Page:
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Title: Dispelling myths of first-generation immigrant code-switching : evidence from Thai marriage migrants in England
Author: Promprakai, Narawan
ISNI:       0000 0004 7961 0345
Awarding Body: Newcastle University
Current Institution: University of Newcastle upon Tyne
Date of Award: 2018
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Code-switching, i.e. the use of lexical items from Language A in stretches of Language B where there are equivalents in Language B, has long been at the centre of bilingualism studies. However, it has received little attention in the first-generation immigrant context, possibly due to its infrequency and insertional characteristic. Consequently, our knowledge of how first-generation immigrants adopt and adjust the host-country language in their intragroup talk is limited and possibly inaccurate. This thesis aims to systematically explore how and why first-generation Thai immigrants in England employ code-switching by: 1) investigating the frequencies, social distribution, sequential patterns and functions of code-switching, and 2) exploring Thai syntactic structures underlying the informants' code-switching. Approximately 13 hours of audio-recorded conversations obtained from 36 first-generation female Thai immigrants, all of whom are marriage migrants, were analysed using both quantitative and qualitative methods. The quantitative analysis reveals that the informants' code-switching occurs infrequently, and that the informants' proficiency in English speaking and reading skills are the only social variables that are correlated with the frequency of code-switching. Nonetheless, the qualitative analysis demonstrates that the informants' code-switching is systematic and purposeful. It can be represented systematically as sequential patterns, each of which are associated with a variety of functions. The qualitative analysis also shows that the informants' knowledge of Thai syntactic structures contributes to communicative effectiveness of code-switching in a way that code-switching alone may not adequately achieve. The overall finding of this investigation is that code-switching, despite its infrequency and insertional nature, is highly intricate and purposeful. This finding suggests that first-generation immigrant code-switching may have much more insights to offer than previously reported, and that code-switching, even single-word type, plays an important role in day-to-day interactions among first-generation immigrants. The finding also implies the need for more systematic and comprehensive studies of first-generation immigrant code-switching in relation to other language contact phenomena.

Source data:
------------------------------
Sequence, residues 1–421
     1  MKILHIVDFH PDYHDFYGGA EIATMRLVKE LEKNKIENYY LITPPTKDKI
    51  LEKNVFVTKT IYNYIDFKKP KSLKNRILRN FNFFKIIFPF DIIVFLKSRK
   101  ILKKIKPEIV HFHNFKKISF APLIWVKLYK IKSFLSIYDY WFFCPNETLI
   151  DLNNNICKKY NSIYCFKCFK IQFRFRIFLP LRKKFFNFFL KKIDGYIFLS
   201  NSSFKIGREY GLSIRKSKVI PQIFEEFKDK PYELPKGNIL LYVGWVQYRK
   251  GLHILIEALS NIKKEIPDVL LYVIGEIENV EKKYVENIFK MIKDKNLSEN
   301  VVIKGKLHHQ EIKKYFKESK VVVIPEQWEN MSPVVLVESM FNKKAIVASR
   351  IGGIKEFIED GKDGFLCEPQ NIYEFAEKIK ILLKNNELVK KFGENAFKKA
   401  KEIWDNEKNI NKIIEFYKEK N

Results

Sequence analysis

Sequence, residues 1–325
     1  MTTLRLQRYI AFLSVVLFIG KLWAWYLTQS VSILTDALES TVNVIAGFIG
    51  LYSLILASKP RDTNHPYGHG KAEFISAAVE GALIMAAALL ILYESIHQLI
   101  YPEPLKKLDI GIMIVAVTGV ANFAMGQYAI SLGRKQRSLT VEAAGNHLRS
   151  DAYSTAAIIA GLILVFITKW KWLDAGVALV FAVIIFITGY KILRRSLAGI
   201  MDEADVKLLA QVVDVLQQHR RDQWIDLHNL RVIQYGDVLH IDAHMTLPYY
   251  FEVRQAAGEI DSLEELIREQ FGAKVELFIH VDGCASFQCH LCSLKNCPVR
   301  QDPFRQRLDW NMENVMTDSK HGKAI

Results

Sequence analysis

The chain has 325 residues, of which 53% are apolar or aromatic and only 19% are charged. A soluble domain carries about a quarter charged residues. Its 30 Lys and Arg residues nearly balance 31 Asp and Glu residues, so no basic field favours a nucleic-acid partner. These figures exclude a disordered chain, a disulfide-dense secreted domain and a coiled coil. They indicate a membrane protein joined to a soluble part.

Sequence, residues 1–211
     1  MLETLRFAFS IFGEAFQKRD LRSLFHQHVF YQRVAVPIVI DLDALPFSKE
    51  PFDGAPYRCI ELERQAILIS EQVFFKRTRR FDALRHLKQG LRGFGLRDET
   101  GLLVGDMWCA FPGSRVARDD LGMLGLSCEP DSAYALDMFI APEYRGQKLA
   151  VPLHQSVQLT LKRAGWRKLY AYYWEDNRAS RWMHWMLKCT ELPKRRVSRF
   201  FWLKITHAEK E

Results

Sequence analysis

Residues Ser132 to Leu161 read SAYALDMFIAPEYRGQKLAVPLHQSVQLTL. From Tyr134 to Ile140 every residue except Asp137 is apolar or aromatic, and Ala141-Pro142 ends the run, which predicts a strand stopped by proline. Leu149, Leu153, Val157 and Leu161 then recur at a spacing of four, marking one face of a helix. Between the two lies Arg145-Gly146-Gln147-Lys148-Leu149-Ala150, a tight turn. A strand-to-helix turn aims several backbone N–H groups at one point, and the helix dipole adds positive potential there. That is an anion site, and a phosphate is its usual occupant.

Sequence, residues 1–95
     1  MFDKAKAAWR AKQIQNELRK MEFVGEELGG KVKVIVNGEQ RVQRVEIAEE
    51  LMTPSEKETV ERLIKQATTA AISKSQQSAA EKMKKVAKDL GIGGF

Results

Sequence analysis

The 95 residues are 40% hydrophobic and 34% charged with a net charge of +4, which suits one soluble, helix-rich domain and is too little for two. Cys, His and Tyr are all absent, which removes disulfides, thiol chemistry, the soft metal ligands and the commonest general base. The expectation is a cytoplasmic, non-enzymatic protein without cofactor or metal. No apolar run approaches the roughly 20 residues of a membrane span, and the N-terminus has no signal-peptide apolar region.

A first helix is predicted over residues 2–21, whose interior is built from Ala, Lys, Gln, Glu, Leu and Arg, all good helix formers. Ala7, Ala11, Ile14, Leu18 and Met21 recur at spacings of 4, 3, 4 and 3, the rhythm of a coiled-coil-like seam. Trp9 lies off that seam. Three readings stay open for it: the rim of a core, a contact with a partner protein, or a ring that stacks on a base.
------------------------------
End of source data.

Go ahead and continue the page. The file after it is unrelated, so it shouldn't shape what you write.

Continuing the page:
Supervisor: Not available Sponsor: Bangkok University
Qualification Name: Thesis (Ph.D.) Qualification Level: Doctoral
EThOS ID:  DOI: Not available